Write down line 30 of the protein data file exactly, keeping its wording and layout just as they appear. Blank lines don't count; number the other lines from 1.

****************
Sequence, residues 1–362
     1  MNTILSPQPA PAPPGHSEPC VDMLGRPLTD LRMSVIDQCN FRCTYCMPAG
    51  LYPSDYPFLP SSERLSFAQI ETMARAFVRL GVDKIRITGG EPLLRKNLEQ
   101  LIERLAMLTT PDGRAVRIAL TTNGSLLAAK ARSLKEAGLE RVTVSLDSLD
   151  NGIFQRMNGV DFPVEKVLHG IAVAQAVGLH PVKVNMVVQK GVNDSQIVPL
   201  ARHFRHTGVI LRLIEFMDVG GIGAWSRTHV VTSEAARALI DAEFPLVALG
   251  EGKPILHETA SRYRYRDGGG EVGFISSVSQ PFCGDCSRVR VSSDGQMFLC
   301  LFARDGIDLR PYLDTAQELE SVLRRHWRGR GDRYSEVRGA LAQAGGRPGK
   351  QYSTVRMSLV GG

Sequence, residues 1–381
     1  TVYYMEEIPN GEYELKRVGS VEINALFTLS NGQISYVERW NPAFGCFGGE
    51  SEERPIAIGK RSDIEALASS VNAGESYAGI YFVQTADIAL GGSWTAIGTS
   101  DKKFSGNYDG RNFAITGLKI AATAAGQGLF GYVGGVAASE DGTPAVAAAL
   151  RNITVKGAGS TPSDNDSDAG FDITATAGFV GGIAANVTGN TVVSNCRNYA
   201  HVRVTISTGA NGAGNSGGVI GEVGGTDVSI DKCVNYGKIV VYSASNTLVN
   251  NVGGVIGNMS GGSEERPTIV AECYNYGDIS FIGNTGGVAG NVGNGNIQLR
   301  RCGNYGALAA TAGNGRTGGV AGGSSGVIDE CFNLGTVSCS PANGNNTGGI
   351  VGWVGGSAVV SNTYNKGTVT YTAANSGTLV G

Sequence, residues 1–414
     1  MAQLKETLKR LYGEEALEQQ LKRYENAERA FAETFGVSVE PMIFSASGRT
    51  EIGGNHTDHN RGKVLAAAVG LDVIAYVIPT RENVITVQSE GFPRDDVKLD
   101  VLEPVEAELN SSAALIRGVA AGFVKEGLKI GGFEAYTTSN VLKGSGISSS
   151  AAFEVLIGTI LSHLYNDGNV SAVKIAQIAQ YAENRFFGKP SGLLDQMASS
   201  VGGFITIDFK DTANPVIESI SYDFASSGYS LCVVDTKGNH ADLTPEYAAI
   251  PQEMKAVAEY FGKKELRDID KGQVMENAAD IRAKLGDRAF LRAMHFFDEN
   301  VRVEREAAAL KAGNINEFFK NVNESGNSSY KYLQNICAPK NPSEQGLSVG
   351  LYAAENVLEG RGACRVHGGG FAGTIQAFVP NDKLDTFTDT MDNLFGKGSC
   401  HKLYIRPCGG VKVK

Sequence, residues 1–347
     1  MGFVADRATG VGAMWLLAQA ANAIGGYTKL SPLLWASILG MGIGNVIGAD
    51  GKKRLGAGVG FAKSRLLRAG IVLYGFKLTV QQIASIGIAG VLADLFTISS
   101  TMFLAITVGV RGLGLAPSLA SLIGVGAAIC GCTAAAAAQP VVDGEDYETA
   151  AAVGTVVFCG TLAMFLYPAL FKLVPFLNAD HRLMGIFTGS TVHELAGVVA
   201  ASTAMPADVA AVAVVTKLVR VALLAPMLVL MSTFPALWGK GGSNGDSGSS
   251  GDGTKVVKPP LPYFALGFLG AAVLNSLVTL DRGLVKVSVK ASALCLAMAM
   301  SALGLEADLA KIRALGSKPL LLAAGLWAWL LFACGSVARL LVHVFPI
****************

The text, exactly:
     1  MGFVADRATG VGAMWLLAQA ANAIGGYTKL SPLLWASILG MGIGNVIGAD